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The area that could go bad is the soil layer (and gravel can go bad too), and I initially had a foot tall soil layer, no kidding, but the compost saved it. I took out more than half and added the large 1/2"-1" gravel all mixed in to keep it fresh. If I added a gravel layer on bottom of that, I don't think it would matter, beause I added a LOT of those 1/2"-1" gravel so technically it's kind of a gravel bed with soil mixed in, but having clay hunks still keeps it more soil like. What you don't want is a foot tall layer of soil and debris that you can push your hand like a lake all the way to the bottom easy. Having rocks mixed in with the soil, there's no layer that compresses. If I put thick clay in a 2 or 3 inch layer between rocks, and pushed everything down from the top, the clay would just squeeze in between the rocks. What I tried to do was make sure everything can't be lowered further by pushing down, and happened to have those larger gravel pieces. And when you add the top sand layer, go ahead and push on it, it's going to sink down, and I don't know how larger sand is going to prevent the soil from filtering up without adding a large amount.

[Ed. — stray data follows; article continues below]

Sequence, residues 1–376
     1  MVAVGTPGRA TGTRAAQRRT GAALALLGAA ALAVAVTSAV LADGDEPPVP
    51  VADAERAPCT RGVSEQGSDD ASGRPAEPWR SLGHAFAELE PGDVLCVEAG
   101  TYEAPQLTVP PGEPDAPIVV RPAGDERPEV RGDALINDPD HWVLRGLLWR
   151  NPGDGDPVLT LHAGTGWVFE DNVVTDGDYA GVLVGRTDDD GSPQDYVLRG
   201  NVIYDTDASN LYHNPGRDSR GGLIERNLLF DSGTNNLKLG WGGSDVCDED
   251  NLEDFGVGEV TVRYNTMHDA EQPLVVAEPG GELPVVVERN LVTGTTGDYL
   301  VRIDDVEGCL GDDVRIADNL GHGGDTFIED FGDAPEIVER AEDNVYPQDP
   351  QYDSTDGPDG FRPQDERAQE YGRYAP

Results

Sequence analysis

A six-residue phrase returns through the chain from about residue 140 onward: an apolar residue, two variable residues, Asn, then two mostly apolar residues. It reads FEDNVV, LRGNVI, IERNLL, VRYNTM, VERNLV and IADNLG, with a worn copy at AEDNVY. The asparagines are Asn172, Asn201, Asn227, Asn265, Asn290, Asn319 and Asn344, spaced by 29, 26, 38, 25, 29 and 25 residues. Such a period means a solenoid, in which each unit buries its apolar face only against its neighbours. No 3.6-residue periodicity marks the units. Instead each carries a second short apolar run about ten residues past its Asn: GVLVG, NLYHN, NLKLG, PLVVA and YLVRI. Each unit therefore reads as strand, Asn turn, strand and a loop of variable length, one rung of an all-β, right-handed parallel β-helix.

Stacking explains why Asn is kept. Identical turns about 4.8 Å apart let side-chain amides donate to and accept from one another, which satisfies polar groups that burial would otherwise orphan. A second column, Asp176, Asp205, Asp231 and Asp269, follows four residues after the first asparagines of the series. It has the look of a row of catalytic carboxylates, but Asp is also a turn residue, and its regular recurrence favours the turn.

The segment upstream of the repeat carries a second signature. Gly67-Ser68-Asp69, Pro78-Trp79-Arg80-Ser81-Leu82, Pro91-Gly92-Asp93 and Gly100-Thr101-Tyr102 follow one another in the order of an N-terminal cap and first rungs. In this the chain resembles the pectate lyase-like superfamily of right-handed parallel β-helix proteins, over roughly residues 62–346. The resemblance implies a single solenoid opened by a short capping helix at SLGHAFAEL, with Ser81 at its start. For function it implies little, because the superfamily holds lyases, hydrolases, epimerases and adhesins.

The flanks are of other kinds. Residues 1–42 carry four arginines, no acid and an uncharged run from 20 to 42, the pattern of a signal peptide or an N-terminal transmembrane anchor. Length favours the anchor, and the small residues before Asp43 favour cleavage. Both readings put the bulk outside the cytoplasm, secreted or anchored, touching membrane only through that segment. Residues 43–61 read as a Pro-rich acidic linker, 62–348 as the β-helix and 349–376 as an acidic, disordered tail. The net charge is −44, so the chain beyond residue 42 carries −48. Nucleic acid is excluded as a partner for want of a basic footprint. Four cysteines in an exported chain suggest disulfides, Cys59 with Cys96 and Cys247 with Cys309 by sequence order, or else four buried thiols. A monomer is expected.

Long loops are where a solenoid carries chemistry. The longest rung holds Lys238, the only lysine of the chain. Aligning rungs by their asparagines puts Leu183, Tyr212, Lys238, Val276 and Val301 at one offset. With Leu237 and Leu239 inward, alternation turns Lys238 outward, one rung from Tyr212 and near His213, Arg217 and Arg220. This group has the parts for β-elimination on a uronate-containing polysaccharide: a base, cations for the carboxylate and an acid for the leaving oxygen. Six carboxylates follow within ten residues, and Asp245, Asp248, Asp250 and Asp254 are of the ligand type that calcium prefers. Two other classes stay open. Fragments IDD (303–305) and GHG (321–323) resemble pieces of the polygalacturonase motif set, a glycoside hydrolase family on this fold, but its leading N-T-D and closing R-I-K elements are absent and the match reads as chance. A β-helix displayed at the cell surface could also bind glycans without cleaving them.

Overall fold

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post #6 of 7 (permalink) Old 09-01-2019, 04:58 PM
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Diana Walstad has updated her recommendations for soil tanks recently with a post on this forum. She now recommends capping soil with a layer of safe t sorb.



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post #7 of 7 (permalink) Old 09-01-2019, 05:35 PM
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Diana Walstad has updated her recommendations for soil tanks recently with a post on this forum. She now recommends capping soil with a layer of safe t sorb.
That's not going to keep the water from being dirty as you drain it, you'll get down to dirty water. A thin layer of sand that lowe's sells is all you need, combined with what I said earlier about adding mass by mixing in larger gravel so that no layer has the ability to expand, the soil has a tendency to float apart, but having a lot of large 1/2"-1" gravel all mixed in, from above it looks like a clean bed (I add hunks of clay from an adobe brick rehdrated in between), or just use it straight with compost added. The thin layer of sand then seals it, sand makes the water from getting dirty.